Although Kurdish and Turkish societies have suffered immensely from the conflict, Kurdish women have channeled this experience into political and social organization to articulate their demands. Now they are positioned to participate in building an egalitarian and democratic society. One of the remaining challenges, however, is to get the government to see women as more than loving and suffering mothers. This is an opportune moment to deconstruct the images of “femininity” and “masculinity,” which generate inequality and violence. In this view, perpetuating gendered stereotypes in the peace process and, thus, in the post-conflict society emerging from it, jeopardizes peace building. This is why it is also a dangerous period: If women are kept away from the peace process, society will not change. Kurdish women’s groups with which I have spoken are quite conscious of this risk. But with a proud and confident tone they declare: “There will be no turning back.”

I have perhaps portrayed most Kurdish women as active feminists. This image of course needs to be put into perspective: As shown by the accounts and statistics on discrimination and violence against women in the Kurdish regions, Kurdish society is far from being egalitarian. Even though most women who support the BDP are immensely proud of its feminist stance, it is hard for many of them to translate this into a fight against inequalities in their own daily lives. Even so, I want to convey the extent of Kurdish women’s activism, which has extended far beyond initial participation in the guerrilla movement. Whether the original appeal to women was limited to their participation in the national struggle or whether it was a genuine call for a social revolution in gender roles no longer matters. Kurdish feminist consciousness has risen within the Kurdish struggle. Therefore, my optimism lies in the determination of the women I met, and in a possible resolution of the Kurdish issue. As a woman in the city of Diyarbakir told me, “After peace, for us women, the fight only begins.”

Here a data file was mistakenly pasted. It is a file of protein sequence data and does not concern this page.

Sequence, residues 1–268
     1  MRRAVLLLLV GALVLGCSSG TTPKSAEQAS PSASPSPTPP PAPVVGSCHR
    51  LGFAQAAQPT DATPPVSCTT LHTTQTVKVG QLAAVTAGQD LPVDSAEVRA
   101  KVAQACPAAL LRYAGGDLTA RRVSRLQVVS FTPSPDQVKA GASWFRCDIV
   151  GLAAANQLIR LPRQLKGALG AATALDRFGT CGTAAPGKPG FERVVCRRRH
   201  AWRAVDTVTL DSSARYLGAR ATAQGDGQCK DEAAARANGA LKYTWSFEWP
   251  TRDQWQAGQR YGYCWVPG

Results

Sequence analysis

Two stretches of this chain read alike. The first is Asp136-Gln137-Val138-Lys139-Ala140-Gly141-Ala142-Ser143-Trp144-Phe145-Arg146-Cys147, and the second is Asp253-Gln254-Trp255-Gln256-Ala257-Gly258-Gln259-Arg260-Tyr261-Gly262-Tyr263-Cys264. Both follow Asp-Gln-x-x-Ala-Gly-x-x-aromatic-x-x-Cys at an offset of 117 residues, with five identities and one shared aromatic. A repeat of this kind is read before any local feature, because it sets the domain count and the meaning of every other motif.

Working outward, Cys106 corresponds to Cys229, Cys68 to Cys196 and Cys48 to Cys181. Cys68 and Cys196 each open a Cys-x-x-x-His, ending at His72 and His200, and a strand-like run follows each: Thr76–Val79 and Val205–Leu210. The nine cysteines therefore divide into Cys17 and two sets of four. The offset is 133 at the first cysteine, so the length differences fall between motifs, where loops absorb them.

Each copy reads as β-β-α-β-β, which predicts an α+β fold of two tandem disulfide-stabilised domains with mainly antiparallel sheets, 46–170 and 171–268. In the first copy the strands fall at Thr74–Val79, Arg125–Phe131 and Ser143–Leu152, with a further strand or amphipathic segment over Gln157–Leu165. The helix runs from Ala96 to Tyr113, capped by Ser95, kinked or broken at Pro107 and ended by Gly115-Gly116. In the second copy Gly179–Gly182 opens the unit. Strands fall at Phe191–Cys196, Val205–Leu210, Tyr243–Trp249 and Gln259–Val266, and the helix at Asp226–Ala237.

Eva Bernard holds a master’s degree in human rights law with a specialization in minority rights from Strasbourg University. She wrote her master’s thesis on the Kurdish movement and women’s rights in Turkey, after having spent a year working with asylum seekers in Istanbul. She now lives in Paris.